N2 - Date-tamarind fruit leathers with varied textural characteristics were prepared bydrying a paste containing hydrocolloid (starch, pectin, dextrin or guar gum) and water at 70°C for 28, 42, 56, 70 and 84 h. Hardness, cohesiveness, adhesiveness, springiness, brittleness, resilience, gumminess and chewiness of the blank date-tamarind fruit leather (i.e., without any hydrocolloid) did not show any correlation with the moisture content ranges (29 - 41 g/100 g sample) used in the present study. Hardness and gumminess increased when hydrocolloids were added, while cohesiveness, resilience and springiness decreased. With the exception of dextrin all other hydrocolloids increased chewiness. Principal Component Analysis (PCA) identified 5 principal components (i.e., 5 factors: plasticity, elasticity, hydrocolloids' concentration, resilience, cohesiveness) affecting the characteristics of each date-tamarind fruit leather. The cluster analysis identified 4 classes of the fruit leathers and bi-plot (i.e., including all products and their characteristics), generated through PCA, recognized these classes as hard-chewy, soft-springy, hard-fragile and soft-resilient leathers.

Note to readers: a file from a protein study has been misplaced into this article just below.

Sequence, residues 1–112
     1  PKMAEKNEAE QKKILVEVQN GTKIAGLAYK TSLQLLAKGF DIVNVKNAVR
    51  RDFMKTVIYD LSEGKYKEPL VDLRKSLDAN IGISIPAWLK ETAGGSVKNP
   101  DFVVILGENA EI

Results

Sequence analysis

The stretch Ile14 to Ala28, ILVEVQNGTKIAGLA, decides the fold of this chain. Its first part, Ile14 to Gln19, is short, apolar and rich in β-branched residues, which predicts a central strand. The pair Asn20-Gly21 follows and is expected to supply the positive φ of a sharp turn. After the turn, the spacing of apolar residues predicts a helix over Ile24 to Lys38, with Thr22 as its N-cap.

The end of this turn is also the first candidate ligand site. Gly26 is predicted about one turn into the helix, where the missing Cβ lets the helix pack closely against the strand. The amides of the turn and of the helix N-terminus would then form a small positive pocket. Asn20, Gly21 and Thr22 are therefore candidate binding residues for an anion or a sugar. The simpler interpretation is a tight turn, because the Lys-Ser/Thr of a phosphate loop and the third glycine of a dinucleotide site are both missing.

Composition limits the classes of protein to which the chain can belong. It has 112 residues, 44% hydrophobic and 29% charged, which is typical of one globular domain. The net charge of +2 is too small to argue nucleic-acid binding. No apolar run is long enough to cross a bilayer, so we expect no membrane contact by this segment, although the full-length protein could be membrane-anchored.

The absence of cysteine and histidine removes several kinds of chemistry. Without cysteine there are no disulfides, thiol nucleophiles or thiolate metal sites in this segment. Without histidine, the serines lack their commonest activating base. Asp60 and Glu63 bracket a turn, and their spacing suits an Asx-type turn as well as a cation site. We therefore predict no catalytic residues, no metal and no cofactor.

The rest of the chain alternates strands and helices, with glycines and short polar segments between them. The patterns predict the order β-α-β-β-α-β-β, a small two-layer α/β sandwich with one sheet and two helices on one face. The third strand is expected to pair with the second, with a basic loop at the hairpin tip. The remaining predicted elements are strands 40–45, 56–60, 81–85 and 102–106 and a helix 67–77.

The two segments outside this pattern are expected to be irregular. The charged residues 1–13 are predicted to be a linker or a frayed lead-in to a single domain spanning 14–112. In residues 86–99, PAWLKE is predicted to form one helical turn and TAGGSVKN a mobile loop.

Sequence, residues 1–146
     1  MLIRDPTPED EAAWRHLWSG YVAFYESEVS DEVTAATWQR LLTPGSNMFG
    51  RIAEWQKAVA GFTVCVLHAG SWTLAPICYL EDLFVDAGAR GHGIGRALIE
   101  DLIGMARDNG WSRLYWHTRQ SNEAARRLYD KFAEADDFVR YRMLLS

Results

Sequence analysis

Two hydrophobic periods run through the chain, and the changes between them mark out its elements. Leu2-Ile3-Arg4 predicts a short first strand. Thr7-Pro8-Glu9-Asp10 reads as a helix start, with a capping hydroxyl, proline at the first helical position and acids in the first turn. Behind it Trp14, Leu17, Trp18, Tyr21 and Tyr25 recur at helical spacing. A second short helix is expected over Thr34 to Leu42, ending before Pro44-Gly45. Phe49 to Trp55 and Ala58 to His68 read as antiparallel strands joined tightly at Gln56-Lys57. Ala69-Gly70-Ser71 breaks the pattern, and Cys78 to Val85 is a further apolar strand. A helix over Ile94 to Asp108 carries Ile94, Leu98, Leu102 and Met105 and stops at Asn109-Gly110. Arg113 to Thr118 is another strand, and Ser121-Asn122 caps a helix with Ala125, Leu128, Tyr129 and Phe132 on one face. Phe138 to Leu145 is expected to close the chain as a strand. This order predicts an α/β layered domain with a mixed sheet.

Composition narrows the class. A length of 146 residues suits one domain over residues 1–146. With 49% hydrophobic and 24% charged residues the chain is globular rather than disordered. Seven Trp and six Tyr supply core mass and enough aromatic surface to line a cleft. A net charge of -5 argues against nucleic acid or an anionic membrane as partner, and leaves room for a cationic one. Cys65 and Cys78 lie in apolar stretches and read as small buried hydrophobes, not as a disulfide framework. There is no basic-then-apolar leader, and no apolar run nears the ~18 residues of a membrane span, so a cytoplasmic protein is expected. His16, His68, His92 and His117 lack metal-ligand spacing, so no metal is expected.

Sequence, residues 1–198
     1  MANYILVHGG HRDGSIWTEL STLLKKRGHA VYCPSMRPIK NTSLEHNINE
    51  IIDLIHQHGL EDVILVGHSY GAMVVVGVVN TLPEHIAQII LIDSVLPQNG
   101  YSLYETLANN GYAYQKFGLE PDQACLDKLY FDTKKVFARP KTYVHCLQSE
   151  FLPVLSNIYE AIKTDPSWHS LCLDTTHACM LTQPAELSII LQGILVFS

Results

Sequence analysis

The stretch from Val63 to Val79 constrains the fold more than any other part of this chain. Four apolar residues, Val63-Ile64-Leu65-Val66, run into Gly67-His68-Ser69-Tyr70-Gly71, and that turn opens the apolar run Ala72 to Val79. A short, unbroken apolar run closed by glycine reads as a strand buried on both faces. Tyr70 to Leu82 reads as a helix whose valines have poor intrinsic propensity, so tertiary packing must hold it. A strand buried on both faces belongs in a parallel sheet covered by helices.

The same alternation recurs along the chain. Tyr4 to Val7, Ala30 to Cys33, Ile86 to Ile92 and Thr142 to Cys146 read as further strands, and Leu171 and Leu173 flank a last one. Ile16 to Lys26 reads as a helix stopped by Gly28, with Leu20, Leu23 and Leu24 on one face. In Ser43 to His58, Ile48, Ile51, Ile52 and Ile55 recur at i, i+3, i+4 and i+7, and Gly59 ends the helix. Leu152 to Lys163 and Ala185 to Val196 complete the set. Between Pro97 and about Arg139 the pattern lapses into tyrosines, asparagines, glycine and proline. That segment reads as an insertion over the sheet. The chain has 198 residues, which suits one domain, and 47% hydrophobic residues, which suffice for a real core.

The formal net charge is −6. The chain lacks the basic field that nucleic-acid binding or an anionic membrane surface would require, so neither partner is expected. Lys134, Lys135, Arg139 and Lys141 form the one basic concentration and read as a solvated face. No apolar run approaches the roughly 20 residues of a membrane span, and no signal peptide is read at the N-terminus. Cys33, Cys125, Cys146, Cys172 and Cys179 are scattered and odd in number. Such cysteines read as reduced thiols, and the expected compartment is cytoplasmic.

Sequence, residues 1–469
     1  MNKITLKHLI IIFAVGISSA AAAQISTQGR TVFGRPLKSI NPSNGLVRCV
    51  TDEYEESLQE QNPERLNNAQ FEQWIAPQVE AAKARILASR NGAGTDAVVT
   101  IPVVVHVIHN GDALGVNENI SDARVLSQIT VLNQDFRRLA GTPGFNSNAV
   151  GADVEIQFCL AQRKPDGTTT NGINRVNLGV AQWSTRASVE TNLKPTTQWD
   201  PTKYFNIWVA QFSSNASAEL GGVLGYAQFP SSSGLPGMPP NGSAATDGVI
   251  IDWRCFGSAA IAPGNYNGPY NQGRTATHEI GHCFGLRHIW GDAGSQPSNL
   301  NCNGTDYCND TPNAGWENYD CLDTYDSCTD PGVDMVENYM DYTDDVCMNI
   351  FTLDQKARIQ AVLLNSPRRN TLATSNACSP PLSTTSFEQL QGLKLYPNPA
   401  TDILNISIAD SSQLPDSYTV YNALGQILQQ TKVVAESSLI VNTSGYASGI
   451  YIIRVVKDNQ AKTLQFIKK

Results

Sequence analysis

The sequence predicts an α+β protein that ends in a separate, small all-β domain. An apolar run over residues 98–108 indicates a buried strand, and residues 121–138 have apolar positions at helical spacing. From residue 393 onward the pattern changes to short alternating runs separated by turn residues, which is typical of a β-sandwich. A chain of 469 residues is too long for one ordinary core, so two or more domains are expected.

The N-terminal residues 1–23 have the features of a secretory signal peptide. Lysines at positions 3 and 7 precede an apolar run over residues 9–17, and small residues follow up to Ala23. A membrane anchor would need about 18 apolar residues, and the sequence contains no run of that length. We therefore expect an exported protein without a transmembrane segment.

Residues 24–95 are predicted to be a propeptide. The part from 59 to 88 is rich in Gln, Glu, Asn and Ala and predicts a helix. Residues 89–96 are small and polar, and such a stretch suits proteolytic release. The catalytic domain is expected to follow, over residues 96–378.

AB - Date-tamarind fruit leathers with varied textural characteristics were prepared bydrying a paste containing hydrocolloid (starch, pectin, dextrin or guar gum) and water at 70°C for 28, 42, 56, 70 and 84 h. Hardness, cohesiveness, adhesiveness, springiness, brittleness, resilience, gumminess and chewiness of the blank date-tamarind fruit leather (i.e., without any hydrocolloid) did not show any correlation with the moisture content ranges (29 - 41 g/100 g sample) used in the present study. Hardness and gumminess increased when hydrocolloids were added, while cohesiveness, resilience and springiness decreased. With the exception of dextrin all other hydrocolloids increased chewiness. Principal Component Analysis (PCA) identified 5 principal components (i.e., 5 factors: plasticity, elasticity, hydrocolloids' concentration, resilience, cohesiveness) affecting the characteristics of each date-tamarind fruit leather. The cluster analysis identified 4 classes of the fruit leathers and bi-plot (i.e., including all products and their characteristics), generated through PCA, recognized these classes as hard-chewy, soft-springy, hard-fragile and soft-resilient leathers.

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KW - Principal component analysis